In the aptly titled book Alone Together, psychologist Sherry Turkle examines our evolving relationship with technology.  Turkle suggests, “We’re using inanimate objects to convince ourselves that even when we’re alone, we feel together. And then when we’re with each other, we put ourselves in situations where we feel alone - constantly on our mobile devices”. She describes high-school students “who fear having to make a phone call, and elementary-school children who become distraught when their toy robot pets ‘die’”. Facebook, Twitter,and MySpace allow for real-time, full color virtual interaction. We used to have to answer that black rotary phone without knowing who would be on the other end. Now, with a few clicks and a touch of self-delusion, we’re able to withdraw from our physical reality. But escape it is not. From the moment you’re plugged in you’re inundated with stream after stream of stimuli: post on this blog, buy this product, accept this invitation, “like” this photo, tell us what you’re thinking, feeling, doing. The more we know, the more persuasive our targeted advertising will be! As Chuck Palahniuk writes, “Old George Orwell got it backward. Big Brother isn’t watching. He’s singing and dancing...holding your attention every moment you’re awake.... With the world always filling you, no one has to worry about what’s on your mind. With everyone’s imagination atrophied, no one will ever be a threat to the world”. You wake up and there’s a Tweet on your phone stating an attractive woman halfway around the world from you is enjoying a late breakfast of coffee and slightly stale glazed donuts. Ping!  She just posted a cute “self portrait” taken not 30 seconds prior. She is so hung over. You were so hung over last Thursday. IM her later. How did she become your virtual “friend”? You can’t remember. But her favorite movie is “The Notebook” and she’s upset her enlisted brother was just shipped off to South Korea. Such unprecedented connection, yet this stimulus rich realm dictates interactions have a certain cursory quality to them. Originally utilized as a communication tool for the Deaf, text messaging on cell phones is one of a multitude of addictive virtual phenomena that have skewed “our perceptions of intimacy and solitude”. As applied to contemporary dating, never before has so much casual physical gratification been achievable with so little effort. Feeling lonely?  No need for the potentially mortifying late night phone call. “Test the waters” with a text! Denied? Feign mistaken messaging!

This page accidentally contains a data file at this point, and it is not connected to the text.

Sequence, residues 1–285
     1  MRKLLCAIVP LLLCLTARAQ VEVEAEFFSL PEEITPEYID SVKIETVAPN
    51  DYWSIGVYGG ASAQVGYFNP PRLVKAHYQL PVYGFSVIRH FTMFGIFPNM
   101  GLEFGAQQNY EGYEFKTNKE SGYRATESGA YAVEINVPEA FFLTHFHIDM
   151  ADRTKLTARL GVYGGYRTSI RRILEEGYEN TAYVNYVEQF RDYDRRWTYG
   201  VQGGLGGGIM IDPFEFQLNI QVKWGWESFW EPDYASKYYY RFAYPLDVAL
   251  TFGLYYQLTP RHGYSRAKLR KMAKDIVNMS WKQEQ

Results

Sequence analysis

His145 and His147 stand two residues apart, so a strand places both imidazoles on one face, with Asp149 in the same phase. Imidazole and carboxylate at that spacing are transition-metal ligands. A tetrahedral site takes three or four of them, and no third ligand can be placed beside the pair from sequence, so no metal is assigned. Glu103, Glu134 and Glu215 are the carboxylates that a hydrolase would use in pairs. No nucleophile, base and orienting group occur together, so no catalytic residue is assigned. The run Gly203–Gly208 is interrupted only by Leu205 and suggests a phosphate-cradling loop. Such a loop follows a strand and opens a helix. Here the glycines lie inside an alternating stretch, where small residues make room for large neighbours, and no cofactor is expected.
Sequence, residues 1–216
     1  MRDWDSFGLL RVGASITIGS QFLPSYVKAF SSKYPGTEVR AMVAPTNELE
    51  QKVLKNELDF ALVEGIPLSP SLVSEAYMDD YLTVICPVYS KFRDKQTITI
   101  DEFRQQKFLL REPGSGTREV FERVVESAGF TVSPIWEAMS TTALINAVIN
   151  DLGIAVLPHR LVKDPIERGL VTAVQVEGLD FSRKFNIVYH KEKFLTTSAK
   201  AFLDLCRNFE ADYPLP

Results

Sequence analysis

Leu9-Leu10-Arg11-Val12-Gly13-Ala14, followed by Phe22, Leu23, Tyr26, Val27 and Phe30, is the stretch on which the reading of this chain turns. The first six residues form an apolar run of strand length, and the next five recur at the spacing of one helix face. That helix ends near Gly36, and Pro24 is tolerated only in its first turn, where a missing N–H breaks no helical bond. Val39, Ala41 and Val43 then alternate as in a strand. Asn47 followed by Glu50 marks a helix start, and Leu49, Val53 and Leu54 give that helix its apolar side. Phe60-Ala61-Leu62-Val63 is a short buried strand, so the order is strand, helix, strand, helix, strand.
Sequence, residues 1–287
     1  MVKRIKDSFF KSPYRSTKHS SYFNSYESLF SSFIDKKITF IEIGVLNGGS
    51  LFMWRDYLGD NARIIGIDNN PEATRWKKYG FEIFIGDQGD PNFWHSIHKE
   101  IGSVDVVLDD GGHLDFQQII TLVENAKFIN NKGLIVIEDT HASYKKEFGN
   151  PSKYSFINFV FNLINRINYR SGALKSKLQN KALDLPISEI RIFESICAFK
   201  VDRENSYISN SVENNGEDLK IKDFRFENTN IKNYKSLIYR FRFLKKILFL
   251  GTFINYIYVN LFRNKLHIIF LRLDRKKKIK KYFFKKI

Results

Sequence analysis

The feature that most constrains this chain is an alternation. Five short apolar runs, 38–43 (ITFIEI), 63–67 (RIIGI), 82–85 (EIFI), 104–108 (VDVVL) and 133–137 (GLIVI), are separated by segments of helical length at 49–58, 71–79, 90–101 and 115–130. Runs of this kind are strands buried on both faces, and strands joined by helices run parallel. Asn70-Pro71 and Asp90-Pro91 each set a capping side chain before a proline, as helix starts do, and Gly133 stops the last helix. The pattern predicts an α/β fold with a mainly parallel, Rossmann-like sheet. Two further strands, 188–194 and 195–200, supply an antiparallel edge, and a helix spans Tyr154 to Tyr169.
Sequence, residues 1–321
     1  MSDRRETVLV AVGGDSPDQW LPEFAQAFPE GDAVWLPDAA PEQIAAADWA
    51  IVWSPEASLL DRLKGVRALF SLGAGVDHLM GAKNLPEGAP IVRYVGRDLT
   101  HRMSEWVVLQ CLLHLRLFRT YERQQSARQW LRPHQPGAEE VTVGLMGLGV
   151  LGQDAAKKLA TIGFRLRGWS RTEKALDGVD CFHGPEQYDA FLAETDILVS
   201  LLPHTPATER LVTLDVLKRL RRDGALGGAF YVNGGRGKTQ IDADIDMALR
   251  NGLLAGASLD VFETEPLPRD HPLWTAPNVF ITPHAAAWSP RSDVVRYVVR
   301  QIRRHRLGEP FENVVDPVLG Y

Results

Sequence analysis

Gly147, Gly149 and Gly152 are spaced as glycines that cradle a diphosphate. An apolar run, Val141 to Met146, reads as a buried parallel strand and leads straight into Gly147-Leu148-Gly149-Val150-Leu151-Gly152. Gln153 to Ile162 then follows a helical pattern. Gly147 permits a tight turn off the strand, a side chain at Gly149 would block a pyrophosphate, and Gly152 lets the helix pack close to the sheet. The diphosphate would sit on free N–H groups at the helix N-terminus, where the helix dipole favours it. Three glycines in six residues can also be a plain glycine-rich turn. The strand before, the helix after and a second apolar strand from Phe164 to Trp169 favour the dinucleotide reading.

Virtual networking has been cemented into many a daily routine. Are the relatively limited or socially challenging confines of our immediate physical reality by comparison becoming less appealing? Are our children doomed to develop stunted social skills immersed in such an omni prescient and addictive alternate reality? How destructive would a “Google Bomb” be if detonated in a populated area? In the parlance of our times, lol. Consider each successive generation of technologically advanced youth: do they not seem more disenfranchised, more collectivist, more infected with a pervasive sense of entitlement than the last?  Certainly teenagers have always been malcontented and dependant upon the acceptance of their peers. But today these traits are developing unchecked and are more frequently manifesting in adults. Virtual social interaction has revealed an irresistible conduit for our natural desires and subsequently amplified them to unnatural levels. Filmmaker David Cronenberg writes, “Technology is us...there is no separation. Technology is a sheer expression of human creative will. And if at times it’s dangerous or threatening, it’s because in us we have things that are dangerous and self-destructive and threatening”. The subject of Cronenberg’s 1999 film “eXistenZ is an organic virtual reality game made from tissue, proteins and chromosomes. The device taps into a person’s nervous system and subconscious through a surgically implanted port at the base of the spine. Is this the future our children are headed for? Robots, cloning, and the internet are all examples of science fiction evolving into science fact. Faced with so much information and opportunity, the potential intellectual growth of our society seems equaled only by our ability to approach everything as rabid consumers. Consider as well the amount of personal or infrastructural information that’s readily available online. In 2009, Nielsen research suggested that online social activity around the world was up 82% with an estimated 300 million users. Given the right circumstances, we would be at the mercy of anyone able to use this technology against us. Turkle writes, “To me, opening up a conversation about rethinking the Net, privacy, and civil society is not backward-looking nostalgia in the least. It seems like part of a healthy process of democracy defining it’s sacred spaces”.